Similarly, the proposed simplified definition of acute MI does not predicate any treatment modality. Because the criterion for MI involves the clinical suspicion of a coronary event, most patients who meet the proposed definition of acute MI will likely undergo coronary angiography or imaging. It is not automatic, however, that those patients will require a coronary intervention. Conversely, patients with suspected acute myocardial injury may require a coronary intervention when an acute extracoronary event, such as atrial fibrillation, causes acute myocardial ischemia in the setting of stable obstructive coronary artery disease. Naturally, differentiated treatment guidelines will need to be developed for both acute MI and acute myocardial injury. Acute MI caused by acute coronary thrombosis as a result of a plaque rupture event will require different guidelines than coronary vasospasm or coronary artery dissection. Similarly—and reminiscent of the 5 Hs and 5 Ts in the nonshockable cardiac arrest algorithm—treatment recommendations for acute myocardial injury will need to focus on the underlying cause. Treatment guidelines for acute myocardial injury in the setting of atrial fibrillation with a rapid ventricular response rate will obviously differ from myocardial injury as a result of sepsis or anemia.

The proposed simplified definition would have several advantages. First, it would align the underlying mechanism of myocardial damage, coronary versus extracoronary, with the definition, myocardial infarction versus injury. Second, it would also help our patients who wonder whether they actually had had a heart attack. Aligning the colloquial term "heart attack" with acute MI will provide clarity to both clinician and patient and avoid much of the confusion that exists now. Third, by refocusing the definition of MI on the actual taxonomy ("what is an acute MI") rather than combining it with diagnostic criteria (eg, rise or fall pattern of cardiac troponin, specific ECG changes, clinical symptoms), we will provide more clarity for clinicians to correctly apply the definition.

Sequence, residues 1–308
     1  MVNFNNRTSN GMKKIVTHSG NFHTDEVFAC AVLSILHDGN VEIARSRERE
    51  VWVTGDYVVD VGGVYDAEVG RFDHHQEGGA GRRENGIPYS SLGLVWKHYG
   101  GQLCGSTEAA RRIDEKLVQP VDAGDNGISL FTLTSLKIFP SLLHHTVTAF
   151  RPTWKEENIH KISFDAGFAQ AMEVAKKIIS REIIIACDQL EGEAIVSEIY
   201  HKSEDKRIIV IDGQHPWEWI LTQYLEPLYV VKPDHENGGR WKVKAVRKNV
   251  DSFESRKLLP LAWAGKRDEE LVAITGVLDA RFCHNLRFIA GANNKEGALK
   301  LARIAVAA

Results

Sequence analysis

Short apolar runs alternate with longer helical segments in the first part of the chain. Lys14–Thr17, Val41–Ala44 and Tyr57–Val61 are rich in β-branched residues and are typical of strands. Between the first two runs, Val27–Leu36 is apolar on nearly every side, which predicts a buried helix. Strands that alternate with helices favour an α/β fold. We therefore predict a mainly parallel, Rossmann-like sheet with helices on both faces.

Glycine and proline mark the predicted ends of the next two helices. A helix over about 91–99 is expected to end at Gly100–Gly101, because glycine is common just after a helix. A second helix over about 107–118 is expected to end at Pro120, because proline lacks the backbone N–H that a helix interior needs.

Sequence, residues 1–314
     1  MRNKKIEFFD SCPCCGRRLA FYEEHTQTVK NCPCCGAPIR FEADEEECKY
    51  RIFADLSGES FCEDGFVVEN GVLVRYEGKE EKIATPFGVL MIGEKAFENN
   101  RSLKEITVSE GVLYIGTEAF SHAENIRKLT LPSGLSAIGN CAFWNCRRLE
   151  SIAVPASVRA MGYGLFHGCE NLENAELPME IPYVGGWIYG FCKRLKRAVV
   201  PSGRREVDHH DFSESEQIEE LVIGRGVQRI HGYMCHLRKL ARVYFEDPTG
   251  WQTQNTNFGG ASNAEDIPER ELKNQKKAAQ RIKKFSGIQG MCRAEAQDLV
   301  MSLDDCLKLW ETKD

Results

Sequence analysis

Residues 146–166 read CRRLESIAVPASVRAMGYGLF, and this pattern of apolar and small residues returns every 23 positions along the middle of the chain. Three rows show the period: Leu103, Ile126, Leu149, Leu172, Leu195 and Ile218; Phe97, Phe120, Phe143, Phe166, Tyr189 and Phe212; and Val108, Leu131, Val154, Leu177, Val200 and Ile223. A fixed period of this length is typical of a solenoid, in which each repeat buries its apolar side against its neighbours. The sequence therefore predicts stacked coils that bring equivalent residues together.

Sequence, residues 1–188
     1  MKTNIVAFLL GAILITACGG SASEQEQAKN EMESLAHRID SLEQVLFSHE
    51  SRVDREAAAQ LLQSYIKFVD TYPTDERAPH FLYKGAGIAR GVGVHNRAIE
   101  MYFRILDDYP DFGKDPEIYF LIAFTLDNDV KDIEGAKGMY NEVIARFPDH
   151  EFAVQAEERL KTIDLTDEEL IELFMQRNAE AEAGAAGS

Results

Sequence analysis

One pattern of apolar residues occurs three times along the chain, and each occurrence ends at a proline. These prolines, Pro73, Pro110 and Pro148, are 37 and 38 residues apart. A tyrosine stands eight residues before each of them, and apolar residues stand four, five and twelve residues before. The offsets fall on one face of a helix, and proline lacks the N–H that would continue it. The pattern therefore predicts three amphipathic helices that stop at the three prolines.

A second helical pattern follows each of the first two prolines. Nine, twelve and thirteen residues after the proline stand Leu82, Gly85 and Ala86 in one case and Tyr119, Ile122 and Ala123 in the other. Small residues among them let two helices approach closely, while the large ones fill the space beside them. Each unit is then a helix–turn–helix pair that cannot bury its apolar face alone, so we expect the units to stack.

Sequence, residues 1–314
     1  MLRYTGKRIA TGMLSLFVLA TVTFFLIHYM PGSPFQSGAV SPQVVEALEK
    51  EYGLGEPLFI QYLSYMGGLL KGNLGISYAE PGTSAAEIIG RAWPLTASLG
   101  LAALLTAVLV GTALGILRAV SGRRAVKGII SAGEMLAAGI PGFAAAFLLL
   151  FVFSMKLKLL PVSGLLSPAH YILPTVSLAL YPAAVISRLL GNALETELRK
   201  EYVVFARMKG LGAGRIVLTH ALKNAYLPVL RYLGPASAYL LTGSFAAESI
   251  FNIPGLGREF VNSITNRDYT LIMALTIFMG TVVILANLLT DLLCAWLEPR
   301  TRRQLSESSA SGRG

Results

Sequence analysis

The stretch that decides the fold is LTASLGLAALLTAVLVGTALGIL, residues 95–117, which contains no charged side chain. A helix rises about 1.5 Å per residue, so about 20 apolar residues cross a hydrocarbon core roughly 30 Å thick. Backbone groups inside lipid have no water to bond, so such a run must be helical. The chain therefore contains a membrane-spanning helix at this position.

Simplifying the diagnosis of acute MI may also have several disadvantages. First, further revisions to the universal definition will, at least initially, cause more confusion among clinicians, not less. Second, the proposal would potentially require coronary imaging in most patients to make the diagnosis of myocardial infarction, which is not feasible in many parts of the world. This requirement would make adjudication for clinical trials more challenging and would potentially have implications for drug development. Also, some diagnostic stratification would still be required to guide therapy (eg, spontaneous coronary dissection, coronary vasospasm). Third, there is a potential risk of this approach that patients with acute myocardial injury would be even less likely to undergo thorough investigation and treatment as those currently classified as having type 2 MI, despite having a high rate of cardiovascular morbidity and mortality. It is important to highlight that regardless of how these patients are classified, they require careful clinical evaluation to understand the mechanism of myocardial injury in order to provide the best treatment and care.

The proposed simplified definition of acute MI is not meant as a critique of the work of the committee developing the "Fourth Universal Definition of Myocardial Infarction," for whom I have deep respect. I fully recognize the immense challenge they have taken on and the amount of work that went into developing the universal definition. Rather, it offers a suggestion to simplify and resolve the confusion now present among clinicians trying to correctly diagnose acute MI.